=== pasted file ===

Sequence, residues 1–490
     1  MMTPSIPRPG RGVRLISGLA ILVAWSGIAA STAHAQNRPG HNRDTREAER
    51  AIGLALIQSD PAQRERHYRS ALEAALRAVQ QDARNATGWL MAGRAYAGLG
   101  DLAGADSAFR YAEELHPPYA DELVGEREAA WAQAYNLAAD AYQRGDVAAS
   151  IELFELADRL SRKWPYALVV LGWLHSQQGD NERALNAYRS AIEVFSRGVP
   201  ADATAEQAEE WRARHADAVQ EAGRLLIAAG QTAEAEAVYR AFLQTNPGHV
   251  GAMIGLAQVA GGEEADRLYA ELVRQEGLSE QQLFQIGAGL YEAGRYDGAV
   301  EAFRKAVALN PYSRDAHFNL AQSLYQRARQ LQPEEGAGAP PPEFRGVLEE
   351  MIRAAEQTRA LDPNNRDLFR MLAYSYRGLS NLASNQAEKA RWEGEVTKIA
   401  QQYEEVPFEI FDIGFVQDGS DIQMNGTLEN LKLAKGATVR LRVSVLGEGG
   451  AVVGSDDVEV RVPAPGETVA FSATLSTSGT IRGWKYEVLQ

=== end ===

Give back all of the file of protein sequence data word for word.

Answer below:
Sequence, residues 1–490
     1  MMTPSIPRPG RGVRLISGLA ILVAWSGIAA STAHAQNRPG HNRDTREAER
    51  AIGLALIQSD PAQRERHYRS ALEAALRAVQ QDARNATGWL MAGRAYAGLG
   101  DLAGADSAFR YAEELHPPYA DELVGEREAA WAQAYNLAAD AYQRGDVAAS
   151  IELFELADRL SRKWPYALVV LGWLHSQQGD NERALNAYRS AIEVFSRGVP
   201  ADATAEQAEE WRARHADAVQ EAGRLLIAAG QTAEAEAVYR AFLQTNPGHV
   251  GAMIGLAQVA GGEEADRLYA ELVRQEGLSE QQLFQIGAGL YEAGRYDGAV
   301  EAFRKAVALN PYSRDAHFNL AQSLYQRARQ LQPEEGAGAP PPEFRGVLEE
   351  MIRAAEQTRA LDPNNRDLFR MLAYSYRGLS NLASNQAEKA RWEGEVTKIA
   401  QQYEEVPFEI FDIGFVQDGS DIQMNGTLEN LKLAKGATVR LRVSVLGEGG
   451  AVVGSDDVEV RVPAPGETVA FSATLSTSGT IRGWKYEVLQ